Entertainment and education go hand in hand, perhaps better than one might think. The modern struggle of educators is to keep a genuine interest from students and cultivate a long-term comprehension of material. This thoroughly realized when the learning environment is designed to be interactive, fun, and immersive.
The Fractal Foundation is a local Albuquerque initiative made to teach students, of all ages, the intricate relationship between mathematics and nature. Formed in 2001, the group has come to be known for their fractal presentations in the Natural History Museum’s Planetarium on the first Friday of each month: the “First Friday Fractals” and “Fractal Rock” shows.
Both of the shows are hosted by Dr. Jonathan Wolfe, president of the Fractal Foundation. More commonly referred to as “Fractal Friday,” the former program utilizes a more educational aspect with Dr. Wolfe describing the fractals as mathematical equations, as well as their place in the natural world.
The latter, “Fractal Rock”, holds emphasis on zooming microscopic depths of the various 2D and 3D fractals and varied amount of music to pair with the visuals. In the planetarium, the visuals are displayed on a dome shaped screen that covers most of the ceiling, which sufficiently immerses the audience in a wide variety of colors, shapes, and patterns, all based on mathematical equations.
“First Friday Fractals have lots of mathematics and natural imagery. The fractal rock show are just the microscopic zooms.” Said Fractal Foundation’s director of education Emma Eckhart.
“We try to sneak the educational aspects in the rock show too, because people like to hear about what they’re seeing, but they’re also distracted by what they’re seeing at the same time. It’s very complicated, but fractals are cool that way. You latch on to one idea, and then it just spirals out into all different kinds.” She said.
Eckhart uses the platform to bring fractals to schools in New Mexico, and integrates the foundation’s core values in science, math, and art to students across the state.
“We host a lot of field trips to the planetarium, basically the same kind of shows but school groups come in during the day and participate firsthand. For a lot of it too I go to schools and we’ll do different hands on activities and fractal presentations, anywhere from Kindergarten to Middle school. But between school outreach and the planetarium shows, we’ve taught over 100,000 students of all ages.” She said.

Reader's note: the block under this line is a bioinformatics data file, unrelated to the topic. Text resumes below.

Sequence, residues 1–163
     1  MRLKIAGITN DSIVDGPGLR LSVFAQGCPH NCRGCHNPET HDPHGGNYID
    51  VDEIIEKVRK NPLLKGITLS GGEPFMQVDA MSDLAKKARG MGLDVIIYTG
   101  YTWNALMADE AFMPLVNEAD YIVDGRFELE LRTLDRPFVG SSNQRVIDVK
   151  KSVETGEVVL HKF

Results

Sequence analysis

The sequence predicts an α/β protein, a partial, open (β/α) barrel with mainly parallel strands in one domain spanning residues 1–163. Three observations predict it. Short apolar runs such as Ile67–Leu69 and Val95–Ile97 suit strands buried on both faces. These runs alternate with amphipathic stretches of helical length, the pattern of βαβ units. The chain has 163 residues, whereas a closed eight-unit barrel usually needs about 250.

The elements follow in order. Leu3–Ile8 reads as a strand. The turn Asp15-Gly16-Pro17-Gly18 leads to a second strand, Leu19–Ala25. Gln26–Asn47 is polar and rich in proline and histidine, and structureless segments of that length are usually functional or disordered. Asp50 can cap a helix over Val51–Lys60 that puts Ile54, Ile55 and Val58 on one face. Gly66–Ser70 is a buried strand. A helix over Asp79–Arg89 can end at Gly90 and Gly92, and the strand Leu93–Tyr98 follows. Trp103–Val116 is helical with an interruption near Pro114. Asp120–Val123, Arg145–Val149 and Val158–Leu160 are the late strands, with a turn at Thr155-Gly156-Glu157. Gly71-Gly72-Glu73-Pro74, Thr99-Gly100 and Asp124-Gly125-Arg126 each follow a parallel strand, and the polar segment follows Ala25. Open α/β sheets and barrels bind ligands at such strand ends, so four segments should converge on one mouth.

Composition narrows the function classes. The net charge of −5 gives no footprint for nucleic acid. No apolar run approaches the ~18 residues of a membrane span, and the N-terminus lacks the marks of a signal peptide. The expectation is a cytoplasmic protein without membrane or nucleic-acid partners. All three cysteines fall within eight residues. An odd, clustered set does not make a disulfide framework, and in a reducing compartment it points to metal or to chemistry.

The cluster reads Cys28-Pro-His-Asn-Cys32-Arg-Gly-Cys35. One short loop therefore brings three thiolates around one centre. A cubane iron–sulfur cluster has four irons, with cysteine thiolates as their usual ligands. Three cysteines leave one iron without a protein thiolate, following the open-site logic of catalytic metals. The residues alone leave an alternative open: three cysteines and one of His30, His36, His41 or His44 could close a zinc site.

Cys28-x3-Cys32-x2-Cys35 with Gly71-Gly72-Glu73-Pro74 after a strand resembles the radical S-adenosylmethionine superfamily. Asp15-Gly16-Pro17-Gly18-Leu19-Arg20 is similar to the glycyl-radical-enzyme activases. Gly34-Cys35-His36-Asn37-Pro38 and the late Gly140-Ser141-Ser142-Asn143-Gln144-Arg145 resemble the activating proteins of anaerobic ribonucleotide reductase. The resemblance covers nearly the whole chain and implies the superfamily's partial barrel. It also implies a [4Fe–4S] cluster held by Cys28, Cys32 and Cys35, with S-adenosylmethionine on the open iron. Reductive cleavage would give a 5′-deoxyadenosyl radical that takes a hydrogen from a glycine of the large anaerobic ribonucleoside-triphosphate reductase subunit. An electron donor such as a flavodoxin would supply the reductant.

For students interested further in fractals, the foundation’s website has an assortment of downloadable fractal programs as well as hands on activities to experiment with.
“The XaoS [Chaos] program is the student version of the fractal software, which is available for free on the website. It’s an open source program that lets you explore around thirty different fractal formulas, and also make your own. The ones in the dome are made using more complex programs such as Ultra Fractal or Mandelbulb 3D, all of which are made by Dr. Wolfe.” Eckhart said.
Since the inception of the Fractal Foundation, the shows have been licensed to various planetariums across the world and have taught a wide assortment of students. The “Fractal Friday” and “Fractal Rock” shows themselves have become well known in Albuquerque, with almost every show selling out their tickets in a matter of days.
“When you look at an image, your eyes move in a fractal pattern from the big elements to the small elements. It even is applicable to animals searching for food, their eyes move in the same fractal patterns. There are fractals everywhere. It’s a fractal world.”
Learn more about the fractal foundation at fractalfoundation.org or check out their Facebook page at facebook.com/fractalfoundationLike this story? Sign up for our daily newsletter to get more of our best original news.